He insists he's not running himself, but Texas Gov. Rick Perry is not shy about weighing in on the looming 2012 Republican presidential sweepstakes, telling The Washington Times on Monday that Indiana Gov. Mitch Daniels, a fiscal conservative with few ties to the Christian right, already has stumbled, but can't be ruled out of the race.
Mr. Perry, long considered a top 2012 contender if he runs, told reporters in a separate gathering over breakfast that Mitt Romney, another fiscal conservative, faces his own impediments because of the health care plan he passed as governor of Massachusetts that President Obama has repeatedly cited as a model for his own national health law.
Mr. Perry, who just won re-election to a record third full term as Texas governor, is seen as an increasingly influential voice in the national party and one who could play a key role in determining who gets the 2012 nod.
He said that Mr. Daniels had made a serious mistake earlier this year in picking a fight with Christian conservatives by calling for a party "truce" over whether issues such as same-sex marriage, abortion and stem cell research should share the spotlight with jobs and the economy going into this year's elections.
"I understand where he was coming from," Mr. Perry said of Mr. Daniels. "I don't necessarily agree that social issues arent as important today as they were two years ago. I think the American people are focused on economic issues."
Some observers say the Indiana governor was attempting to set himself apart from the rest of the field of potential candidates, who can be expected to echo the evangelical's concerns.
Mr. Daniels unprovoked decision to challenge party evangelicals "tends to make me believe he is serious in saying he has no interest in running" for the GOP nomination, Mr. Perry said.
Mr. Perry said religious conservatives are an essential part of any winning GOP electoral coalition, and evangelicals are expected to play a big role in the outcomes of three key primary and caucus states - Iowa, South Carolina and Nevada.
Asked whether he considers himself an evangelical, he said, "Yes. I am an evangelical Christian. Im a born-again Christian and believe in the outreach of the Christian faith to all places around the globe."
Asked about former Alaska Gov. Sarah Palin, who is on nearly everybody's list of possible 2012 contenders and whose favored candidates had mixed success on Nov. 2, Mr. Perry said that she "continues to confound the establishment and that is a good thing."
"Every great marathon runner might misstep at the starting line," he said. "It in no way affects those still running hard at the finish line."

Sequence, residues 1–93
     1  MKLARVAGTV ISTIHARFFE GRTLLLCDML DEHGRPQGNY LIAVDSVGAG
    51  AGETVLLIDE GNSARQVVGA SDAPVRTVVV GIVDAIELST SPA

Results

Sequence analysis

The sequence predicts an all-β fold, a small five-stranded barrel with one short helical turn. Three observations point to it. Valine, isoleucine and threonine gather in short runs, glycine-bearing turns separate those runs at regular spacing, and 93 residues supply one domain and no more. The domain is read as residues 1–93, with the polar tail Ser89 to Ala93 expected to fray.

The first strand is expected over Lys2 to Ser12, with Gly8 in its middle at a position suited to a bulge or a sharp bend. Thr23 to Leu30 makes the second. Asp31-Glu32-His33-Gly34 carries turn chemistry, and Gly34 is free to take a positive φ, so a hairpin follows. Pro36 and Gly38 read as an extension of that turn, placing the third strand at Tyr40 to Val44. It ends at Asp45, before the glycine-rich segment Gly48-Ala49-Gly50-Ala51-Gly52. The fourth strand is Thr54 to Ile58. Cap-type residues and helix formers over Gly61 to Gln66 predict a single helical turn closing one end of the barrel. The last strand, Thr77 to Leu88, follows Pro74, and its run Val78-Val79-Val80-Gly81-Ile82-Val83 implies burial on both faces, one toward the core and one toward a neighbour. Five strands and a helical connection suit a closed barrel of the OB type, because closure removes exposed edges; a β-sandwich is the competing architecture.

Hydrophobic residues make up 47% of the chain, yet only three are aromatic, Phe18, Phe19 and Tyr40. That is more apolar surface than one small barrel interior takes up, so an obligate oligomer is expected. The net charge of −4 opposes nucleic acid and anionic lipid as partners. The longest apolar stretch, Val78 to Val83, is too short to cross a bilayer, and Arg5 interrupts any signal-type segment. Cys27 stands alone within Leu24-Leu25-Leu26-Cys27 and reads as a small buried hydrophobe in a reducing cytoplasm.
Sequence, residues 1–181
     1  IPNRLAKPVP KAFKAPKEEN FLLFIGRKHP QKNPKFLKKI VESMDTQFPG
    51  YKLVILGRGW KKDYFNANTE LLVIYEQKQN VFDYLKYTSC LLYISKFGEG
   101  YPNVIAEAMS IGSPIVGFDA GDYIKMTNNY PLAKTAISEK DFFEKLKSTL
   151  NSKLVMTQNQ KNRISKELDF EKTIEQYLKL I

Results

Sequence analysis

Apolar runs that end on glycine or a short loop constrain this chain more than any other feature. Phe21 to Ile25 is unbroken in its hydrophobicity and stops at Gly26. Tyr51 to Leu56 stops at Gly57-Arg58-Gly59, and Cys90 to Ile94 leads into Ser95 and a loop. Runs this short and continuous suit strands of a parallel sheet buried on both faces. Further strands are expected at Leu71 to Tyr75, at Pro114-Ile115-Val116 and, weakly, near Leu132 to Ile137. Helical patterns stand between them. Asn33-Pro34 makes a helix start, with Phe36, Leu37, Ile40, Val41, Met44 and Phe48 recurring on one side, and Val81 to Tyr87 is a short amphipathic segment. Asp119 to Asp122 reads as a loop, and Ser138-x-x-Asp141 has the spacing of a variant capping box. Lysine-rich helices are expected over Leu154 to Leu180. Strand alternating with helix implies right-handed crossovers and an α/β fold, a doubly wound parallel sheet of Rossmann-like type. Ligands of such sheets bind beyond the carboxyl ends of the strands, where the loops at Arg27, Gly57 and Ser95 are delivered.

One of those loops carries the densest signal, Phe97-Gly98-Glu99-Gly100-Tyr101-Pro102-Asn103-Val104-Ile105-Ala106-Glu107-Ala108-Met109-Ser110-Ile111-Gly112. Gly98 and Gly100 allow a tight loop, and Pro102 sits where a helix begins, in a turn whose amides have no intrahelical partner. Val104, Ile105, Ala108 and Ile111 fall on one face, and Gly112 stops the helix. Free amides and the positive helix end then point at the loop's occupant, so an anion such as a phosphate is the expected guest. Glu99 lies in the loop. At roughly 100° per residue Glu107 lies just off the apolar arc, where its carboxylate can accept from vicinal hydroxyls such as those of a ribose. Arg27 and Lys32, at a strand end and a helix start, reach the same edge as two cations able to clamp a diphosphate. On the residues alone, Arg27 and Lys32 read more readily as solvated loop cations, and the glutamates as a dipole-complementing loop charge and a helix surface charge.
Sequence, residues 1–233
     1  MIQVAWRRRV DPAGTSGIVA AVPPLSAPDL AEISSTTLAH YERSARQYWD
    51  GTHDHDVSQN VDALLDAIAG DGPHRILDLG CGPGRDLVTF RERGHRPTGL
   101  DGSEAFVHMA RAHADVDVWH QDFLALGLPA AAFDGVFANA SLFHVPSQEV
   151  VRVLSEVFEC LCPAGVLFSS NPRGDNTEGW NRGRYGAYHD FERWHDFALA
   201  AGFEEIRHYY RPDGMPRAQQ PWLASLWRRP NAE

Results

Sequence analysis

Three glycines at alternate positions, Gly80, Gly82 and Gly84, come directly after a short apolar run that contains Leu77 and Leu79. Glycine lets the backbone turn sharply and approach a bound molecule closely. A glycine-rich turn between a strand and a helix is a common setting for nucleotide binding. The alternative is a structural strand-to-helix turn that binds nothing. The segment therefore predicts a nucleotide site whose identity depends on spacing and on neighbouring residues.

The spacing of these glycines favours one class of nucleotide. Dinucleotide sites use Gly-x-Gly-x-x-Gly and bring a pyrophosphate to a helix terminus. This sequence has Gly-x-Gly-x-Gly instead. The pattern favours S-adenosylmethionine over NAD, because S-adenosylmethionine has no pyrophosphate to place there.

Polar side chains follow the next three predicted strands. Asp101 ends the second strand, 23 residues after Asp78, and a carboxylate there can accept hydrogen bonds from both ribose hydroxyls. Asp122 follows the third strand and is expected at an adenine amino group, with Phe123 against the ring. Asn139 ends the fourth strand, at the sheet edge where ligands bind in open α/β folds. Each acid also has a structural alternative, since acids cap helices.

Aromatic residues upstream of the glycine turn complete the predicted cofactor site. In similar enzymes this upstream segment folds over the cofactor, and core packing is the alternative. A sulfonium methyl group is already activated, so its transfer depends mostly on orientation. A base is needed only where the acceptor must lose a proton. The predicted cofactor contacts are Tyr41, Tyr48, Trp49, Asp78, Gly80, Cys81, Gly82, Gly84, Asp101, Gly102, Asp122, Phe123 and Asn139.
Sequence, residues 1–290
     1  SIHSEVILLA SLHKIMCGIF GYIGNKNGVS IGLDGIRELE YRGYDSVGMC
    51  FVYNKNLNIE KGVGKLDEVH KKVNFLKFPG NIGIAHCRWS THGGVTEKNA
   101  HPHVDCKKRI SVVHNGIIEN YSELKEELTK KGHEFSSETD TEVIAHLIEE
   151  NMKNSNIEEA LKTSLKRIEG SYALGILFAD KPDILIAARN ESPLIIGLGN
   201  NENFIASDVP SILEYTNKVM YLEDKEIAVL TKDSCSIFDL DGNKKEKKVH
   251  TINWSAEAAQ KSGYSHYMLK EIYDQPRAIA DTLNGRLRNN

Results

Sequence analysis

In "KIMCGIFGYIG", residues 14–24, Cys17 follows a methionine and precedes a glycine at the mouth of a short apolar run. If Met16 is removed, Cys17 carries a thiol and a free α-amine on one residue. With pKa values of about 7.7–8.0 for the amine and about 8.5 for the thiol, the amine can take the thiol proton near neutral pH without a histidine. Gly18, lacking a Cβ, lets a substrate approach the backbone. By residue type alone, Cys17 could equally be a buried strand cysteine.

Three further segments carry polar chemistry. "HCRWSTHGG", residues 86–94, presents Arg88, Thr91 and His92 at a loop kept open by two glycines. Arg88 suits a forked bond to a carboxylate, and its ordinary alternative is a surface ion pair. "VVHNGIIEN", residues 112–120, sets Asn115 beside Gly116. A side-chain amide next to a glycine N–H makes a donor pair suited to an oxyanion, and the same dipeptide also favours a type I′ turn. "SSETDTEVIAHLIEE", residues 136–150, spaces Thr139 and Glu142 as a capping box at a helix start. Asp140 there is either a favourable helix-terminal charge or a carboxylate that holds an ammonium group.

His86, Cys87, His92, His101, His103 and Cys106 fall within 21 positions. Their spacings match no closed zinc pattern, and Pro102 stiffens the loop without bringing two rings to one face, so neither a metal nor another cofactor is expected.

Fresh from his re-election win over former Houston Mayor Bill White, Mr. Perry, 60, has joined a string of other possible 2012 GOP presidential nomination candidates in denying he will go for the big prize two years from now.
Coincidentally or not, right after the midterm elections, he began a tour of the country to promote his book, "Fed Up! Our Fight to Save America From Washington," which he insists is "about freedom" and not about the 10th Amendment to the Constitution. He once cited the federal government's increasing infringements on state prerogatives guaranteed in that amendment as a reason for threatening to have Texas secede from the union.
The threat, made mostly in jest, evoked a fierce response among liberals, but warmed the hearts of many Republican and "tea party" conservative constitutionalists whose message of government overreaching played well in the midterm vote.
"I've got the best job in the world, and I want to keep it, because it's the states, not the federal government, that will be making the difference," Mr. Perry said in trying to back up his pledge that he won't seek the 2012 nomination.
At the same time, he points out that "80 percent of the job created in the United States since 2005 were created in Texas."
"That's net, after you subtract the jobs lost," he noted, citing Bureau of Labor Statistics figures.
Asked why he did not want to transfer those job-creating skills to the White House, Mr. Perry said, "Because of what I want to see Washington become — I want to send someone to the White House who will stand up and make the federal government as inconsequential in your lives as possible."
He took direct aim at a subject rarely if ever addressed by candidates in either party, saying that the civil rights debates of the 1960s — while reaching a just conclusion — took the wrong route by greatly expanding federal powers under the Constitution's Interstate Commerce Clause.
After his Washington visit, Mr. Perry was headed to New York for an interview with cable's Comedy Central political satirist Jon Stewart, a noted critic of conservatives.
Why Mr. Stewart? "Because he is the No. 2 book reviewer in America, behind Oprah," he said.
Asked what newspapers and magazines he reads, the governor said he takes the Dallas Morning News and Austin Statesman at home and reads assiduously on the Internet.
For overseas news, "I read the Jewish press — and the Wall Street Journal," he said.
Mr. Perry, who first ascended to the governorship in 2000 when predecessor George W. Bush was elected president, said that history would judge Mr. Bush kindly for his foreign policy, but not his excessive spending and expansion of government.
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